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Jet crash throws spotlight on FAA’s rarely enforced ’sterile cockpit’ rules

WASHINGTON — The crash of a commuter jet that took off from the wrong runway in Lexington, Ky., last summer has thrown a spotlight on the FAA’s ‘‘sterile cockpit’’ rule — a commonly violated and difficult-to-enforce prohibition against extraneous conversation between the pilots.
    The pilots of the Comair flight in Lexington were heard talking about their dogs, their kids and job opportunities just before the plane went down in flames after struggling to get airborne from a runway that was too short. The crash killed 49 of the 50 people aboard in the nation’s deadliest aviation disaster in five years.
    Comair acknowledged that pilots Jeffrey Clay and James Polehinke violated sterile cockpit procedures after federal investigators released a transcript Wednesday of their conversation.
    Investigators have not said what role, if any, the cockpit chatter played in the Aug. 27 crash. But several other air disasters have been blamed, at least in part, on instances in which pilots were too busy talking things other than flying.
    Among them:
    — A 2004 crash in Kirksville, Mo., that killed 13 of 15 people aboard a commuter airliner was blamed on the crew’s nonstop joking and expletive-laden banter in the cockpit.
    — In 1988, a Delta Air Lines jet crashed 22 seconds after takeoff from Dallas-Forth Worth International Airport after the crew failed to set the wing flaps properly. Fourteen people were killed. In the minutes before takeoff, the crew members criticized Marilyn Quayle’s looks, said of Jesse Jackson, ‘‘You know, it’s scary that someone like him could get as far as he did,’’ and joked that a crash would one day make their cockpit conversation public.
    The Federal Aviation Administration adopted the sterile cockpit rule in 1981. It was prompted in part by a 1974 crash in Charlotte, N.C., that killed 71 people; the pilots were talking about politics while making their landing approach in bad weather. The rule prohibits extraneous conversation during taxi, takeoff and landing and operations below 10,000 feet.
    Aviation insiders say the rule is often disobeyed.
    ‘‘You can’t really expect human beings to be robots,’’ said Bill Waldock, a professor of safety science at Embry-Riddle Aeronautical University. ‘‘A little bit of nonpertinent conversation, I’d say it happens quite frequently.’’
    Moreover, the rule is not easily enforceable.
    Contract rules prohibit the FAA and airline from releasing — or even preserving — the cockpit recordings unless there has been an accident. In fact, if not for the Comair crash, the tape of the chatter would have been erased before anyone ever listened to it.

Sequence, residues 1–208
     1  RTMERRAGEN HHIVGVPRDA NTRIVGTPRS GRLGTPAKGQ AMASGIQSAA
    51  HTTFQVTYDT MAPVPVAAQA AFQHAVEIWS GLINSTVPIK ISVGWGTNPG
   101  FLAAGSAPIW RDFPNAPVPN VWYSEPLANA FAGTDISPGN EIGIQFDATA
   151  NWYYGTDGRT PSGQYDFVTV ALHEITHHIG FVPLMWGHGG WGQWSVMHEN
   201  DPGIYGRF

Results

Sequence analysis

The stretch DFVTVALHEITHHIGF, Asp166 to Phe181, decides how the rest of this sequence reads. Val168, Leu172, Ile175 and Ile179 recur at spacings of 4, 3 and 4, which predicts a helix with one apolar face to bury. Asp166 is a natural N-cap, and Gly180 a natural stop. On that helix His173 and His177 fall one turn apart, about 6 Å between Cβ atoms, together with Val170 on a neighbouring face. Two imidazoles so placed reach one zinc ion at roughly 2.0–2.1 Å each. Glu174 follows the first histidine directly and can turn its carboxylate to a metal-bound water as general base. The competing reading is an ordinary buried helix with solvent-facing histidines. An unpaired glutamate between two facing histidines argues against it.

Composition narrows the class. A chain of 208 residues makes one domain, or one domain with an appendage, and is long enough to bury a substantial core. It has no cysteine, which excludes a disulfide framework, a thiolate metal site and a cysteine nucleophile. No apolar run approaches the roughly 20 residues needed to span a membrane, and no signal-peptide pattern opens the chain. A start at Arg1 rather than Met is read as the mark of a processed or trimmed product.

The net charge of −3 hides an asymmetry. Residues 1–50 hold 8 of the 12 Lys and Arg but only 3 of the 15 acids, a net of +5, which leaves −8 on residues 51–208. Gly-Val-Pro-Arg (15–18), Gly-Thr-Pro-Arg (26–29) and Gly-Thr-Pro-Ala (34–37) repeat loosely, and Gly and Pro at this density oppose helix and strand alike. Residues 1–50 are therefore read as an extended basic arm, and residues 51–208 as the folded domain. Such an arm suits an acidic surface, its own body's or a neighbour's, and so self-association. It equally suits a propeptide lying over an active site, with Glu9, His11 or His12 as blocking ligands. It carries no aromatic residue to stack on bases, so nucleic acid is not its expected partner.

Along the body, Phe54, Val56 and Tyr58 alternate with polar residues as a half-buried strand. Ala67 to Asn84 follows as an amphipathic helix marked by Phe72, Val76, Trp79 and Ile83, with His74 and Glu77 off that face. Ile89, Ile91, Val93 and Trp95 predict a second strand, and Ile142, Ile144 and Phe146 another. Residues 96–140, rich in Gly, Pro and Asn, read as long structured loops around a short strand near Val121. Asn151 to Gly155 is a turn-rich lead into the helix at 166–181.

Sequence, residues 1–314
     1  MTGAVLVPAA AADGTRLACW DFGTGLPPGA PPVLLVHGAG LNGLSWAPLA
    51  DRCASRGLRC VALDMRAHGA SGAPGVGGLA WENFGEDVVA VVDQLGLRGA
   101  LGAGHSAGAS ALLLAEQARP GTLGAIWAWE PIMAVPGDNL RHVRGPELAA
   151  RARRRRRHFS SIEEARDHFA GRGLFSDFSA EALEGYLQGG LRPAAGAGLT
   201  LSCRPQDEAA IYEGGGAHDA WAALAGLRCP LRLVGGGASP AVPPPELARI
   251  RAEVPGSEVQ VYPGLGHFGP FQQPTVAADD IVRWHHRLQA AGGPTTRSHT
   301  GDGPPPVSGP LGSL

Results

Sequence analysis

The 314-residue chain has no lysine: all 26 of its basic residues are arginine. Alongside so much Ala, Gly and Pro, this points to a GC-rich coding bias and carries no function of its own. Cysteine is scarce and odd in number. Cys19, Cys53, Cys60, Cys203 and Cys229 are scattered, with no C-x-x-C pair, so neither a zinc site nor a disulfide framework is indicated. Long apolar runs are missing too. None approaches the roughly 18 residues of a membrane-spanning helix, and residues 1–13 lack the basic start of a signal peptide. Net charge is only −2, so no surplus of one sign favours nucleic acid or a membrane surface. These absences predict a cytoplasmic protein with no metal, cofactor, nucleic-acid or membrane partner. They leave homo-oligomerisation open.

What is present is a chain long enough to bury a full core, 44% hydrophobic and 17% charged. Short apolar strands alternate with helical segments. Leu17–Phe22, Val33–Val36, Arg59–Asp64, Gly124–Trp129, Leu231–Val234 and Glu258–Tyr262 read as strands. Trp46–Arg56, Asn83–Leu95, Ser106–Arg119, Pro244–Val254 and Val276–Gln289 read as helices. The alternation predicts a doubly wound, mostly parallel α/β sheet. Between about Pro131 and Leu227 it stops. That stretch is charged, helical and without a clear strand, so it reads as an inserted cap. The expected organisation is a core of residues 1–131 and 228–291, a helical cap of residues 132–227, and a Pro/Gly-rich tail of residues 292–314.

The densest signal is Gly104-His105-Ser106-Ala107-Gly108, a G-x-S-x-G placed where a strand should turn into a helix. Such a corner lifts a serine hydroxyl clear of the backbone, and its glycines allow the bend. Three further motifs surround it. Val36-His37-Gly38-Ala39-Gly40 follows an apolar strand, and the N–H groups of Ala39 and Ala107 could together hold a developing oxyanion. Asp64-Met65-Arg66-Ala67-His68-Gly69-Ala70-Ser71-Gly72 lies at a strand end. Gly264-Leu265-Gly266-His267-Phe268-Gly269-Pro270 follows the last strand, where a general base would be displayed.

‘‘Ninety-nine percent of the time the cockpit voice recorder is never listened to,’’ said Faron Collins, a Lexington control tower operator who worked the shift immediately after the crash. ‘‘It probably happens more than the FAA would care to talk about.’’
    FAA spokeswoman Laura Brown said agency enforces the rule with regular ride-along inspections and anonymous incident reports that pilots can file about one another.
    ‘‘We’re not there to watch every mechanic turn every screw, and we’re not there to listen to every cockpit crew listen to one another,’’ Brown said.
    Violators may be punished with a letter of correction, a civil penalty, or a suspension or revocation of their pilots’ license, Brown said. She had no immediate figures on how often pilots are disciplined for sterile-cockpit violations.
    As the Comair pilots went through preflight procedures, Clay talked about his young children having colds, Polehinke — the sole survivor — discussed his four dogs. The two men also talked about pay and working conditions, even as the controller occasionally interrupted to provide instructions.
    Polehinke has not been stripped of his license. He lost a leg and suffered brain damage and has told relatives he remembers nothing about the accident.
    Representatives of the Air Line Pilots Association declined to comment on sterile cockpit rules, citing the National Transportation Safety Board investigation.
    David Castelveter, spokesman for the Air Transport Association, an airline industry group, said airlines ‘‘don’t have any indications this has become a growing problem.’’
    Robert Clifford, a lawyer representing several victims’ family members from the Kentucky crash, said the chatter reminds him of a 1994 American Eagle crash in Indiana. In that crash, a flight attendant had a lengthy chat with one of the pilots in the cockpit. That crash killed 68 people.
    ‘‘I believe it happens all the time,’’ Clifford said. ‘‘There’s an adage, ‘No harm, no foul.’ Some level or measure of personal, non-work-based conversation is normal. There comes a point of time where game is on, and we’re focused on our work.’’
    Lowell Wiley, a Lexington flight instructor, said that even after decades in the cockpit, sometimes the sterile cockpit rule slips his mind. ‘‘Occasionally I’ll forget about it and say something,’’ Wiley said. ‘‘Things do come up and you’ll say something. There’s a lot of that going on.’’
    Ray Rowhuff, who spent 20 years flying for the Kansas Army National Guard and worked as a flight examiner, said of professional pilots: ‘‘It’s like people driving down the road and talking on the phone, putting on lipstick or putting on your trousers. Everybody knows you shouldn’t do that, but they do.’’
    ———
    Associated Press writer Mark Barnett in Louisville, Ky., contributed to this story.

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